KABUL (Tolo News): Residents from various layers of the Afghan society warned that disagreements over the appointment of cabinet ministers threatens Afghanistan’s national interests, and many urged President Ashraf Ghani and chairman of the High Council for National Reconciliation, Abdullah Abdullah, to agree on the new appointments and end the stalemate.
Back in May, President Ghani and his political rival Abdullah Abdullah signed a power-sharing deal after months of political discord that critics say could have pushed the country towards a new crisis if not resolved. The political tension between the two officials emerged as a consequence of the disputed presidential election of last year, the result of which was announced in February. Consequently, the two leaders, Ghani and Abdullah, held inauguration ceremonies on the same day in their adjacent respective palaces. Ghani was declared president by the Independent Election Commission after earning a slightly higher percentage of votes than rival Abdullah.
“If the cabinet is not completed in view of the situation that we have today, this could be a major threat to the gains we made over the past two decades,” said Rohullah Sakhizad, a legal expert in Kabul. “No mediator is able to resolve their disputes (Ghani-Abdullah), they should bear mercy on the Taliban and agree soon—no one is there to do mercy even on the orphans,” said Ahmad Wazir, a vegetable seller in Kabul.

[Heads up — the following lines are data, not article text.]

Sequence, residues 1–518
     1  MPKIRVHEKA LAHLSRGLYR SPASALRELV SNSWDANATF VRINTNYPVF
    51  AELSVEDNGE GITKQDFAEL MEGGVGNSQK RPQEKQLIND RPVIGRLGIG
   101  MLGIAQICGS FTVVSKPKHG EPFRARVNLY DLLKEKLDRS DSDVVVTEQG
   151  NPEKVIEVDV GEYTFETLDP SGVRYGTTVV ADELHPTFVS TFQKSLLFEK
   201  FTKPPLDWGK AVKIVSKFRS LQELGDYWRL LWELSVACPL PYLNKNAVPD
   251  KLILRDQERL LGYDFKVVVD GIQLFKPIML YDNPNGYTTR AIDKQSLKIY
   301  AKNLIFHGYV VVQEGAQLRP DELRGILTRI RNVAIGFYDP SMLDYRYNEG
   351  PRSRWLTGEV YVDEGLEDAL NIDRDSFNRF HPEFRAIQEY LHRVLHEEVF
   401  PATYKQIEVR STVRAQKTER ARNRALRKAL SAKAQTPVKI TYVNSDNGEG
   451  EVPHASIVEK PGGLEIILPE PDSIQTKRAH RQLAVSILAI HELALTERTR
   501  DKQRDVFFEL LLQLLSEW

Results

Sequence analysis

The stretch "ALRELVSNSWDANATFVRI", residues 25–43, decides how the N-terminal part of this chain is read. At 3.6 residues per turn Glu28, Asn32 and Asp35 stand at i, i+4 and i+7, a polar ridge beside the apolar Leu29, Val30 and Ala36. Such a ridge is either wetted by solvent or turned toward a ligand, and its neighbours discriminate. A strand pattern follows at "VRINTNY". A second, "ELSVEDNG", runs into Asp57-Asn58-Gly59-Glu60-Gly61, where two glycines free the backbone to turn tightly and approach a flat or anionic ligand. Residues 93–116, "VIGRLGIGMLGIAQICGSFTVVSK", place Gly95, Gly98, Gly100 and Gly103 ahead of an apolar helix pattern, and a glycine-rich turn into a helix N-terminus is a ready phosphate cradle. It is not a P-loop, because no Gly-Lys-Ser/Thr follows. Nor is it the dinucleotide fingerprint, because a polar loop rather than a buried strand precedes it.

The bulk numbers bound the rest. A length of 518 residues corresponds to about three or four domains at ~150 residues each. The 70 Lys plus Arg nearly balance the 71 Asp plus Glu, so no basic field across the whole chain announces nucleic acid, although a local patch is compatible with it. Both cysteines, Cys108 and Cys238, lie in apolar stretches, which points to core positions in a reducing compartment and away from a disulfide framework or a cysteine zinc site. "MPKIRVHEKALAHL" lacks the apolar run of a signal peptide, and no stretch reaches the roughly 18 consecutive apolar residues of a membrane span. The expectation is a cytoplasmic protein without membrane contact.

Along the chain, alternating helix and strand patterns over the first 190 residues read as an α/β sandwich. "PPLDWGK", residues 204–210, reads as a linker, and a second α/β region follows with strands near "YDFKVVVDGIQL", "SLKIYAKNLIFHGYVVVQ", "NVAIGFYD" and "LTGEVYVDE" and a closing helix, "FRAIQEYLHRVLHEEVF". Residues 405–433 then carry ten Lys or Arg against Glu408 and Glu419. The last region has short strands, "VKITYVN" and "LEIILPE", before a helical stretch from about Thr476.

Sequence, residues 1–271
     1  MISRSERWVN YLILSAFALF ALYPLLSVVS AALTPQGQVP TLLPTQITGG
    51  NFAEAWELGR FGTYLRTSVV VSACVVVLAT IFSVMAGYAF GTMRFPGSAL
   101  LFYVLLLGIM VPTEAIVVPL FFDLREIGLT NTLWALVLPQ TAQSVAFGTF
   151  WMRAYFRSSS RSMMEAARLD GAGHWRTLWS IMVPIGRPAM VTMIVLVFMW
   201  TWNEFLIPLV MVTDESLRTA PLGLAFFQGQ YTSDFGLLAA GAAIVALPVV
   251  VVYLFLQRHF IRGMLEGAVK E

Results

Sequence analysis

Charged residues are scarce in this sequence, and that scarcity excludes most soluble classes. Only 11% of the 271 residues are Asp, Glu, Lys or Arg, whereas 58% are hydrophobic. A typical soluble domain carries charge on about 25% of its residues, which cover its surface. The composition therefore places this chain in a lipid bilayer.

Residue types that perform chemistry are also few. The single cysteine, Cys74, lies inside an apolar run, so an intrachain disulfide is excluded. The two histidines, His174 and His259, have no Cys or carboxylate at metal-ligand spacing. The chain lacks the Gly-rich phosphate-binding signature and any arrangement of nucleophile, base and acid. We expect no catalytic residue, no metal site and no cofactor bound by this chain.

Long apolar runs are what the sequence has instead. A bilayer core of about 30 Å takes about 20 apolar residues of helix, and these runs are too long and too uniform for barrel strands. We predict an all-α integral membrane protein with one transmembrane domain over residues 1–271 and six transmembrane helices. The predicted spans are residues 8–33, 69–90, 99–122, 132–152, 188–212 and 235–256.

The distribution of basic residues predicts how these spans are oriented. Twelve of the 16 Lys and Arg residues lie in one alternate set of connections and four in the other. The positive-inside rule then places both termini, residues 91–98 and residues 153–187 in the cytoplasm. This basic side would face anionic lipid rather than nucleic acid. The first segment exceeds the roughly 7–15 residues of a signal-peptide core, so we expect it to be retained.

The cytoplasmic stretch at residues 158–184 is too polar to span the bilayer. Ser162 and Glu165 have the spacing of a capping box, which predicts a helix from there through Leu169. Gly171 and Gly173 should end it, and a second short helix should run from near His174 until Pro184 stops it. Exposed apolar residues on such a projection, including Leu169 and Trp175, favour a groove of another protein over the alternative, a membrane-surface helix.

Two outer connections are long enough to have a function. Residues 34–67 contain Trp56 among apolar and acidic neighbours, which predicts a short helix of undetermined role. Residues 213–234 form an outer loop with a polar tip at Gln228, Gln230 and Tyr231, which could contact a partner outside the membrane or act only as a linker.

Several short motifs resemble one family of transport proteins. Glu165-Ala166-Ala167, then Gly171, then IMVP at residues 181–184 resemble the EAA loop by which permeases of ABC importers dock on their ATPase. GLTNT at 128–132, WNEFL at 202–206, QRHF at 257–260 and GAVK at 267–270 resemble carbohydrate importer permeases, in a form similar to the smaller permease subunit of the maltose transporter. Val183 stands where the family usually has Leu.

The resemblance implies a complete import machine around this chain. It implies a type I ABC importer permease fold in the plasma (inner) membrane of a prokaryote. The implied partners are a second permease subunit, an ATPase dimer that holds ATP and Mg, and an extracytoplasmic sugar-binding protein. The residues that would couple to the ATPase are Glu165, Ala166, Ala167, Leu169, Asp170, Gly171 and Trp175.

Ordinary Afghans say that the two leaders are not giving importance to what the Afghan people expect from them in terms of addressing the national issues. “They are enjoying their luxury life and do not care about their people,” said Musa, a resident in Kabul.
“If they do not agree, they will lose the small prestige that they have before the international community or in Afghanistan,” said Farooq Zamani, a political commentator in Kabul. Abdullah has been given a 50 percent share in the cabinet based on the agreement. This means that he can have 11 ministers from his team and five heads of independent directorates plus two deputy ministers in key ministries. He also has a share in nominating his picks as governors in provinces where he won a majority of votes in the 2019 presidential elections.
Previously, sources within the High Council for National Reconciliation said that one of the key disputes is that the share of Abdullah in the appointment of governors, members of senate and the heads of the independent directorates haven’t been determined. There are also reports that President Ashraf Ghani and Abdullah are feuding over their picks for the State Ministry for Peace Affairs.
Abdullah has picked former economy minister Mustafa Mastoor for the post, but Ghani has opposed to this decision, the sources said, adding that the disagreements have also delayed the appointment of members of the High Council for National Reconciliation – a government institution that was formed based on thep political agreement between Abdullah and Ghani in May.